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2017 | 21 | 30 |
Article title

Barbara Hammer’s History Lessons as a documentary utopia

Content
Title variants
Languages of publication
PL
Abstracts
PL
This article is devoted to the third part of Barbara Hammer’s documentary trilogy, History Lessons. The author analyzes and interprets the form and message of this post-queer essay, with the aim of describing its formula in relation to the mockumentary and found-footage film conventions. She goes back to the pioneer of found footage in the history of world cinema, Esfir Shub, and the position of women in production culture. She refers to Hammer’s debut film, Dyketactics (1974), to describe Hammer’s artistic and political tactic, consisting of intercepting images of women, rooted in visual history, and the subversive quotation of these images against the idea and context of the original. Dyketactics in History Lessons is about quoting archival materials from the genres of documentary, popular science and pornography with the aim of writing the history of the lives of lesbians in the US from the period before the Stonewall riots, where there is very little coverage of the story. The falsifying of archival materials through the editing manipulation of imagery and sound paradoxically uncovers not so much the truth about the lives of lesbians, as what seems to be hidden in images created with a completely different aim than telling the herstory of American women of various orientations and races.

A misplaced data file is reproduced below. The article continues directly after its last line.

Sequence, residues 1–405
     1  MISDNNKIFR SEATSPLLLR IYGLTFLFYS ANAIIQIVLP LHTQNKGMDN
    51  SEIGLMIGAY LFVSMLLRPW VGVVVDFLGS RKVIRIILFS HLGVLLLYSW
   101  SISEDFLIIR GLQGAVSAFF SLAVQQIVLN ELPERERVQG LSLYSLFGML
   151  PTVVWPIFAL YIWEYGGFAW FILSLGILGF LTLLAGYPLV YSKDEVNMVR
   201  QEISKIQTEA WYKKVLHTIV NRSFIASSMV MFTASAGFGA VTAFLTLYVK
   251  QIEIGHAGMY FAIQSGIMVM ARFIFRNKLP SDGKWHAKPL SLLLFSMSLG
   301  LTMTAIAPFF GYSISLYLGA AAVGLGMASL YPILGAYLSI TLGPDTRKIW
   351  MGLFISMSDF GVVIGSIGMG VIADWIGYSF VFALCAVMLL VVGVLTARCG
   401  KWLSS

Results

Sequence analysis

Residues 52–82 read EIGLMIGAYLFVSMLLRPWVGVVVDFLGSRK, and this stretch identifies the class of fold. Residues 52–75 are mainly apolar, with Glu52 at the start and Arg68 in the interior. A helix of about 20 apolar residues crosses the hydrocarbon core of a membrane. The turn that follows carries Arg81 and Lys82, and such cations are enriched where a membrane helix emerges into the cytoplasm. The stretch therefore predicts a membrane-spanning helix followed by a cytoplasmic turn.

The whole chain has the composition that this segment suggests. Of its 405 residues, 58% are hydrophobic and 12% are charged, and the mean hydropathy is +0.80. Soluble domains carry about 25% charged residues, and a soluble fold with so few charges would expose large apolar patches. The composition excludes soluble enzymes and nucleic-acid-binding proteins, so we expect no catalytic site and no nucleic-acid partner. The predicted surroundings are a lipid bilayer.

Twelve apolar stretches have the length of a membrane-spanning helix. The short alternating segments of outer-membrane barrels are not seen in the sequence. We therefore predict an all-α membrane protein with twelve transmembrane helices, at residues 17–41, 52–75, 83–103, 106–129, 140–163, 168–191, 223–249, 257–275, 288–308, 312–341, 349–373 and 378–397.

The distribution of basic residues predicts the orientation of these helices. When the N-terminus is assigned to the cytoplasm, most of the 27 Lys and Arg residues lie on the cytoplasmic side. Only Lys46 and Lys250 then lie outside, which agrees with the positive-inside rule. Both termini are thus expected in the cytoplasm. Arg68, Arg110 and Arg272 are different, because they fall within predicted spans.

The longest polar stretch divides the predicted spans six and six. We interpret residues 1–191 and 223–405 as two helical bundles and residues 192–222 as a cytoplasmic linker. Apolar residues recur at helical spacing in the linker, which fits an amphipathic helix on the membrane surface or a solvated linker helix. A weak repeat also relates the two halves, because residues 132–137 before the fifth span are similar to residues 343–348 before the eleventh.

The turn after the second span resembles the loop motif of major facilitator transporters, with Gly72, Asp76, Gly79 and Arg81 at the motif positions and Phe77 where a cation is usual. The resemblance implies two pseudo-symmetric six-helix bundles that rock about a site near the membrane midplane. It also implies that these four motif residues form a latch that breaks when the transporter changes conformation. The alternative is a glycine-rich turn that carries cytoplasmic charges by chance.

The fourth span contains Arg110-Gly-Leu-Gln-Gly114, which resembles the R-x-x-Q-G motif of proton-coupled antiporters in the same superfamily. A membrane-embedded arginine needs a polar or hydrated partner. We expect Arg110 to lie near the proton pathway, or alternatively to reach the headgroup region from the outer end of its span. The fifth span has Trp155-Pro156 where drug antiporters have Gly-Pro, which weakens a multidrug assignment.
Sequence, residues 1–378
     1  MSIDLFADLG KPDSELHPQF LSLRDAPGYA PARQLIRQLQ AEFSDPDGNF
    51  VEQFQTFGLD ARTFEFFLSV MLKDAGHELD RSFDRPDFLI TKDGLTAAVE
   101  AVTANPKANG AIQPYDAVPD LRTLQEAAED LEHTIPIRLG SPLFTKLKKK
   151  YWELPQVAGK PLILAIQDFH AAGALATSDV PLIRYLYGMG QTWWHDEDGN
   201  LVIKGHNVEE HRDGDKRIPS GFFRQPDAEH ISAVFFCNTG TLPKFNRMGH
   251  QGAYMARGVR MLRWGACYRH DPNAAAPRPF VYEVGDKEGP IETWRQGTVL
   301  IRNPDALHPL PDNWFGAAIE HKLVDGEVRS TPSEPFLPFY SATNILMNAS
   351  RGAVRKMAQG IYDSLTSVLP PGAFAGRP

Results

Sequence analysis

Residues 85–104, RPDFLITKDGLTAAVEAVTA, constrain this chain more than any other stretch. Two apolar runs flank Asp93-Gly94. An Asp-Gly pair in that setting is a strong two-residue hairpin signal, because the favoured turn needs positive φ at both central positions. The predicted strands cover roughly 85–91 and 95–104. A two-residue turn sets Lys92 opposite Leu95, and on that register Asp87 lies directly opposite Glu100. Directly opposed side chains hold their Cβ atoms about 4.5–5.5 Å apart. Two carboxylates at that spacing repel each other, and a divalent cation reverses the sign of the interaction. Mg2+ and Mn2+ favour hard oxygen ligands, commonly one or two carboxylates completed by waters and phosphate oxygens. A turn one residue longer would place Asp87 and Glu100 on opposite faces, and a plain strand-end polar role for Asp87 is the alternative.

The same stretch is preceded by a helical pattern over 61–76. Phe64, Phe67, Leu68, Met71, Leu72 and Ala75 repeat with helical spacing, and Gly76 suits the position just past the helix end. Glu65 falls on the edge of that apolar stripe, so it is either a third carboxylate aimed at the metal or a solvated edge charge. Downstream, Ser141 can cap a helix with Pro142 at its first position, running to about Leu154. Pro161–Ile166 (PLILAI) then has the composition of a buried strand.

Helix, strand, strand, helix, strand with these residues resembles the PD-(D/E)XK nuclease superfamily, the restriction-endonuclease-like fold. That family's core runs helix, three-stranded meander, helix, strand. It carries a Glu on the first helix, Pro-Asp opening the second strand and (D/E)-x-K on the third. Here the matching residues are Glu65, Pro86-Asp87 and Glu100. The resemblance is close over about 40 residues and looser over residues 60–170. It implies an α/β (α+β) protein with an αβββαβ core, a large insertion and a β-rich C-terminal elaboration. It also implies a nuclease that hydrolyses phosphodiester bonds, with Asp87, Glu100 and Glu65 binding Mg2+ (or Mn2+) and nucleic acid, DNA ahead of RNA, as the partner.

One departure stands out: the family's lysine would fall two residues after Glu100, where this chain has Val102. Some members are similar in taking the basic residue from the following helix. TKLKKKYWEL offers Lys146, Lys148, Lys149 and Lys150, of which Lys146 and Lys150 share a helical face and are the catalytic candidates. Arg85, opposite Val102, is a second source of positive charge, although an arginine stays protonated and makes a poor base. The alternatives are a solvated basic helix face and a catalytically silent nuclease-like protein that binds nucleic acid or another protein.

Contributors
  • Department of Film Art Organization Polish Nation Filmschool in Łódź
References
  • Atwood L., Red Women on the Silver Screen. Soviet Women and Cinema From The Beginning to the End of Communist Era, Michigan 1993
  • Bravmann S., Queer Fictions of the Past: History, Culture and Difference, Cambridge 1997
  • Chiarini A., Feeling images. Montage, Body and Historical Memory in Barbara Hammer’s Nitrate Kisses, “Feminist Media Histories” 2016, vol. 2, no. 3
  • Cixous H., The Laugh of Medusa, trans. K. Cohen and P. Cohen, “Signs” 1976, vol. 1, no. 4
  • Corner J., Documentary Fakes, in: The Television Genre Book, London 2004
  • Faderman L., Odd Girls and Twilight Lovers: History of Lesbian Life in 20th-Century America, New York 2012
  • Giec M., Przekształcanie pamięci. Found footage jako machina kulturowej reinterpretacji, “Images” 2015, vol. 17, no. 26
  • Hammer B., Hammer! Making Movies out of Sex and Life, New York 2010
  • Hammer B., The Politics of Abstraction, in: Queer Looks: Perspectives on Lesbian and Gay Film and Video, eds. M. Gever, P. Parmar, J. Greyson, New York-London 1993
  • Handelman M., Barbara Hammer Teaches (and Titillates) with History Lessons, <http://www.indiewire.com/2001/10/interview-barbara-hammer-teaches-and-titillates-with-history-lessons-80703/>
  • Humm M., Słownik teorii feminizmu, przeł. B. Umińska i J. Mikos, Warszawa 1993
  • Humm M., The Dictionary of Feminist Theory, Ohio 1995
  • Radkiewicz M., Władczynie spojrzenia. Teoria filmu a praktyka reżyserek i artystek, Kraków 2010
  • Stollery M., Eisenstein, Shub and the Gender of the Author as Producer, “Film History” 2002, vol. 14, no. 1
  • Talarczyk-Gubała M., Conversation with Barbara Hammer in the Arts Museum in Łódź, Poland on Oct 17th, 2016 (non published)
Document Type
Publication order reference
Identifiers
YADDA identifier
bwmeta1.element.ojs-doi-10_14746_i_2017_30_07_
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